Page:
CHOC Childhood Cancer Foundation SA, a non-profit organisation dedicated to supporting children and teenagers with cancer or a life-threatening blood disorder and their families, is proud to have joined talented performer Musa Motha to mark Nelson Mandela Day with a special and heartwarming event.
Born and raised in the Vaal, Musa’s life took an unexpected turn when he was diagnosed with bone cancer at the tender age of 11. Despite facing a challenging journey that led to the amputation of his left leg, Musa’s passion for soccer and an unyielding spirit guided him towards an even more profound discovery – the art of dance. In 2023, Musa achieved a historic moment on Britain’s Got Talent by receiving the first-ever group Golden Buzzer. Unanimously impressed, all the judges pressed the buzzer, propelling him straight through to the live shows.
With unwavering determination, Musa pursued his newfound passion, and today, he stands as an internationally acclaimed and award-winning performer, an inspiration to countless individuals who have been touched by his story.
Musa, the extraordinary 28-year-old amputee dancer, whose indomitable spirit and talent have captivated audiences worldwide, visited Chris Hani Baragwanath Academic Hospital on Mandela Day, July 18th, to commemorate the legacy of Nelson Mandela and spread a message of hope and resilience.
Mandela Day, a day of global significance, honours the late Nelson Mandela’s values and commitment to making the world a better place. It encourages people from all walks of life to engage in acts of kindness, compassion, and service to others. Musa’s visit to Chris Hani Baragwanath Academic Hospital on this special day serves as a touching tribute to Mandela’s enduring legacy and a symbol of resilience and perseverance in the face of adversity. During Musa’s visit, we had the honour of being accompanied by Professor Gita Naidu, who was part of the team that treated him. She shared her thoughts and insights on the occasion. She said Musa is an inspiration to our young children and teenagers, from the most underprivileged sectors of our society. “Children and teenagers can be cured of cancer and can go on to achieve their dreams.”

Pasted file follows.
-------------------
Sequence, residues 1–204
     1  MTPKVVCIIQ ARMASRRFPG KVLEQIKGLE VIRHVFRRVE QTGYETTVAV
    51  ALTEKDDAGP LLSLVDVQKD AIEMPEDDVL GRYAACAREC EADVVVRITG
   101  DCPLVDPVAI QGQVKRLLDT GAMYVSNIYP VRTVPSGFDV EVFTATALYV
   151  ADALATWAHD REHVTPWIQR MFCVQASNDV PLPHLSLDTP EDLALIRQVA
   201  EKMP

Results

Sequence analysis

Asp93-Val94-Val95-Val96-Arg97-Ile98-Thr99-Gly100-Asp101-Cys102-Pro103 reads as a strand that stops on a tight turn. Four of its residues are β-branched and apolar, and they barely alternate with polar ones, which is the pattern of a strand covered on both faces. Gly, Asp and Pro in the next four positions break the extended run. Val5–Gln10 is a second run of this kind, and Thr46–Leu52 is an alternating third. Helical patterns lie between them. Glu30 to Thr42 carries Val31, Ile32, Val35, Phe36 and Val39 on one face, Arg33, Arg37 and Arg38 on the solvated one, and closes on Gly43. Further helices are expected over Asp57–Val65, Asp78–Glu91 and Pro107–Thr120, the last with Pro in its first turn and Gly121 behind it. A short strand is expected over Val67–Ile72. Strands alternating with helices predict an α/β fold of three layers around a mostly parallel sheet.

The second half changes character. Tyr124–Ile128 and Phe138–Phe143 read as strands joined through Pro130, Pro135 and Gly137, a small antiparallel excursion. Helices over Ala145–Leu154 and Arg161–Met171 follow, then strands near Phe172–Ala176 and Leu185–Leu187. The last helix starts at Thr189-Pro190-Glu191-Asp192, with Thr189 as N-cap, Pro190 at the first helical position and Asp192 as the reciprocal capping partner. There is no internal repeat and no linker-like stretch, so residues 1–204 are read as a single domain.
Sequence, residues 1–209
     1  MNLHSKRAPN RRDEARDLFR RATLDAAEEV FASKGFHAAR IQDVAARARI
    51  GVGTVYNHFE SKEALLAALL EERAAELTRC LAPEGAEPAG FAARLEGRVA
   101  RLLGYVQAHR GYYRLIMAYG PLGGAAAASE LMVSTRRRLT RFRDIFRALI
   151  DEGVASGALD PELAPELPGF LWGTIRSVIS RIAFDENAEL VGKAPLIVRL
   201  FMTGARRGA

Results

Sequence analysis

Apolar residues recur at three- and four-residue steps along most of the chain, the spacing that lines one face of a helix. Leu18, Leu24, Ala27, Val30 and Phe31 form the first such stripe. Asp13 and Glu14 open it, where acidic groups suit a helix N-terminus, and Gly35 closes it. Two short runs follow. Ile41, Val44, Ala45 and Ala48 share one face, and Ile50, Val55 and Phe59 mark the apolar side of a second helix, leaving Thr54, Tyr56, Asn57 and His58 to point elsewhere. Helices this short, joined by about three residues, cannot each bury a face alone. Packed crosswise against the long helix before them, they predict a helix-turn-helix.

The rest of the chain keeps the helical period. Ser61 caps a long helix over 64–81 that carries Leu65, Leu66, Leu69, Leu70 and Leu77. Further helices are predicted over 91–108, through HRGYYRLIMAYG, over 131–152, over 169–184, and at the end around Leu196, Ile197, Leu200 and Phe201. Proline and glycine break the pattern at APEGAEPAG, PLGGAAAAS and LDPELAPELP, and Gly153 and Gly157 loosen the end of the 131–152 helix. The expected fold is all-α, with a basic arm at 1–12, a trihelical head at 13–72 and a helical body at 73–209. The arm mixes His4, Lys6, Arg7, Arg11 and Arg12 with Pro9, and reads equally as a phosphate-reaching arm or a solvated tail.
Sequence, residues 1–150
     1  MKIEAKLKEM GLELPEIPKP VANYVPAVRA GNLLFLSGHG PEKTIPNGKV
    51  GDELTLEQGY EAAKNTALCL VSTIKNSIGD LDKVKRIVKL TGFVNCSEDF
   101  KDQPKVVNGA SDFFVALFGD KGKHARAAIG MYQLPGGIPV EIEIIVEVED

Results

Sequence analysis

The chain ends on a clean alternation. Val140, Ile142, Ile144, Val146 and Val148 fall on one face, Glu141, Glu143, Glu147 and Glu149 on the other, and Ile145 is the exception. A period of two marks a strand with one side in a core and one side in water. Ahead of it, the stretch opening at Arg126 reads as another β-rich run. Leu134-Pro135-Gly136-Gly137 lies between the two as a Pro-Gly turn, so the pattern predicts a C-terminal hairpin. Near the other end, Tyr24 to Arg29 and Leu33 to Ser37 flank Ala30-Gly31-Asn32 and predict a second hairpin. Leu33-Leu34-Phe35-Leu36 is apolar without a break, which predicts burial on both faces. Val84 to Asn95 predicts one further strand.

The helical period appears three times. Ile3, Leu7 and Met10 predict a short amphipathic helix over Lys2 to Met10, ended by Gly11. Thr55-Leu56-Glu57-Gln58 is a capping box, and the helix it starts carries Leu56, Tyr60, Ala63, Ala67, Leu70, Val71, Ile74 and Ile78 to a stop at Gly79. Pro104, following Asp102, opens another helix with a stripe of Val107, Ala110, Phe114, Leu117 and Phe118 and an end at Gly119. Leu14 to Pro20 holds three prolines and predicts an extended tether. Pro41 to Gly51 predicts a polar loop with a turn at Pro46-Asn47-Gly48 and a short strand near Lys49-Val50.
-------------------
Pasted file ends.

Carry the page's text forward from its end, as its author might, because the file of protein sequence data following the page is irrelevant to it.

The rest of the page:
Musa met with young patients, many of whom are facing their own battles with illness and challenges. Through his presence and inspirational story, Musa brought smiles to their faces, instilling a sense of hope and motivation in their hearts. “We are thrilled to have Musa join us at Chris Hani Baragwanath Academic Hospital for Mandela Day,” said Hedley Lewis, CHOC CEO. “His story is a powerful testament to the strength of the human spirit. We hope that his visit will serve as an inspiration to the patients, reminding them that they are not alone in their journey.”
Together, let us remember the words of Madiba: “It is in your hands to create a better world for all who live in it.”
For more information about how to support CHOC’s mission, please visit www.choc.org.za.